Report: Computer Reveals Al Qaeda Files

A computer taken from a building used by Usama bin Laden's Al Qaeda in Afghanistan contains letters and memos about the organization's internal operations, justifications for attacks, and efforts to obtain chemical weapons, The Wall Street Journal reported Monday.

A looter said he got the desktop computer in Kabul after a U.S. bombing raid in November that killed several senior officials of Al Qaeda, the Journal said.

The Journal said it bought the machine from the looter for $1,100, and that U.S. officials had confirmed the authenticity of the files it contained.

A U.S. intelligence official told The Associated Press on Monday that the computer appeared to have been used by Al Qaeda. The official declined to comment on whether U.S. intelligence had access to or a copy of the hard drive.

The terrorist group functioned like a multinational corporation, with memos referring to Al Qaeda as "the company" and its leadership as "the general management," the newspaper said.

One memo referred to a "legal study" of the killing of civilians, in which the writer said he had found ways to keep "the enemy" from using the killing of "civilians, specifically women and children," to undermine the militants' cause, the Journal said.

A letter addressed to top Al Qaeda lieutenant Ayman al-Zawahri said "hitting the Americans and Jews is a target of great value and has its rewards in this life and, God willing, the afterlife," the Journal said. The author of the letter said he had written to bin Laden separately.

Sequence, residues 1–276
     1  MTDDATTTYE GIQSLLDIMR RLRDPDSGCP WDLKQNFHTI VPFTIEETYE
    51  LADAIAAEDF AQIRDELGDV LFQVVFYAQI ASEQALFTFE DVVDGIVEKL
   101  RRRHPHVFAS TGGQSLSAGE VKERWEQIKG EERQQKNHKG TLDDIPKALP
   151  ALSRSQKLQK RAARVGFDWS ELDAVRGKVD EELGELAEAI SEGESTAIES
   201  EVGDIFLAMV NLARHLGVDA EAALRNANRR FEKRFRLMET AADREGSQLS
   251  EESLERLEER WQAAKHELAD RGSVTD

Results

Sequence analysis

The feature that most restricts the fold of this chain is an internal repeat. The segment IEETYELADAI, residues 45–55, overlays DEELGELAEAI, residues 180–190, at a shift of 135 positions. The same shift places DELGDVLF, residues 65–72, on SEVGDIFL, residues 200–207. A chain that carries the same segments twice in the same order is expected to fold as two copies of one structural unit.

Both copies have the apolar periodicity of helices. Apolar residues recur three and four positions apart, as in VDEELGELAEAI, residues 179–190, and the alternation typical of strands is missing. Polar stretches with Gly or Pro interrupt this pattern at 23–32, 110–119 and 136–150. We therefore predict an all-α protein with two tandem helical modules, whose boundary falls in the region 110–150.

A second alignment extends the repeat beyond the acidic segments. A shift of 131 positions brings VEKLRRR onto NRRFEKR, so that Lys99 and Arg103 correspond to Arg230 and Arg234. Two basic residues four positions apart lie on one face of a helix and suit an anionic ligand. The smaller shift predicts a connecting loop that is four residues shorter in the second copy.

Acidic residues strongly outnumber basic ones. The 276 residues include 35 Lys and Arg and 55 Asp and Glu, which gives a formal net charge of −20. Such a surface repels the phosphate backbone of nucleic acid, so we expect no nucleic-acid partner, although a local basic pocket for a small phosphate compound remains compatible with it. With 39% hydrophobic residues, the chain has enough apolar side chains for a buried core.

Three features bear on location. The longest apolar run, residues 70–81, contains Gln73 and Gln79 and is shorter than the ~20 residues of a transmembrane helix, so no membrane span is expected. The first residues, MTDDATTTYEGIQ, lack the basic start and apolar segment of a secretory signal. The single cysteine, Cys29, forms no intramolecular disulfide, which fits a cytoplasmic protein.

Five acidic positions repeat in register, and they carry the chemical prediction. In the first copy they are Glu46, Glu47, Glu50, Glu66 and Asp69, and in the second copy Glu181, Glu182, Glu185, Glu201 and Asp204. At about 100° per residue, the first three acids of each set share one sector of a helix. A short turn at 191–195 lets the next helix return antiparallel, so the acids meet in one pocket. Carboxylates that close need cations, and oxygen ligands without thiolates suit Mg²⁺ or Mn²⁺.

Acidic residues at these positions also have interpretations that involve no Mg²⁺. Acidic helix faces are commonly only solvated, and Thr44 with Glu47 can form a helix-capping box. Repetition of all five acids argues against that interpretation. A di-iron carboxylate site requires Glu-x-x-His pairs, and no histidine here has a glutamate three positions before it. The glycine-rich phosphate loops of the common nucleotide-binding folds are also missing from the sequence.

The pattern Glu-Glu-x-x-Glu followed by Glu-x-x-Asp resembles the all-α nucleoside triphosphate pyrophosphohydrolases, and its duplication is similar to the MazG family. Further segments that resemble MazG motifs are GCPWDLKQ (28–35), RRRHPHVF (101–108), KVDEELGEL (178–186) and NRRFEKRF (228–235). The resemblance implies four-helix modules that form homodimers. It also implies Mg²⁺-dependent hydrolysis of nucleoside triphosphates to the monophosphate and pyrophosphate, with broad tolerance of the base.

Another letter on the computer's hard drive sought an interview with a bitter enemy of Al Qaeda, the anti-Taliban leader Ahmed Shah Massoud, to be conducted by "one of our best journalists, Mr. Karim Touzani," the Journal said.

Massoud was fatally injured by a bomb Sept. 9 while being interviewed by two men posing as journalists, one carrying a passport in the name of Karim Touzani.

A video file made after Sept. 11 uses television footage of people fleeing the World Trade Center, combined with a sound track of mocking chants and prayers in Arabic, the Journal said.

Text files include an outline of an Al Qaeda project to develop chemical and biological weapons, code-named al-Zabadi, Arabic for curdled milk, the newspaper said.

One memo, apparently written by al-Zawahri, says "the destructive power of these weapons is no less than that of nuclear weapons," the Journal said.

The memo adds that "we only became aware of them when the enemy drew our attention to them by repeatedly expressing concern that they can be produced simply."

Mundane material was in the computer, too. One document was a sign for an office that said, "Dear brothers, This is a workplace! For those who do not work here, please do not enter at all."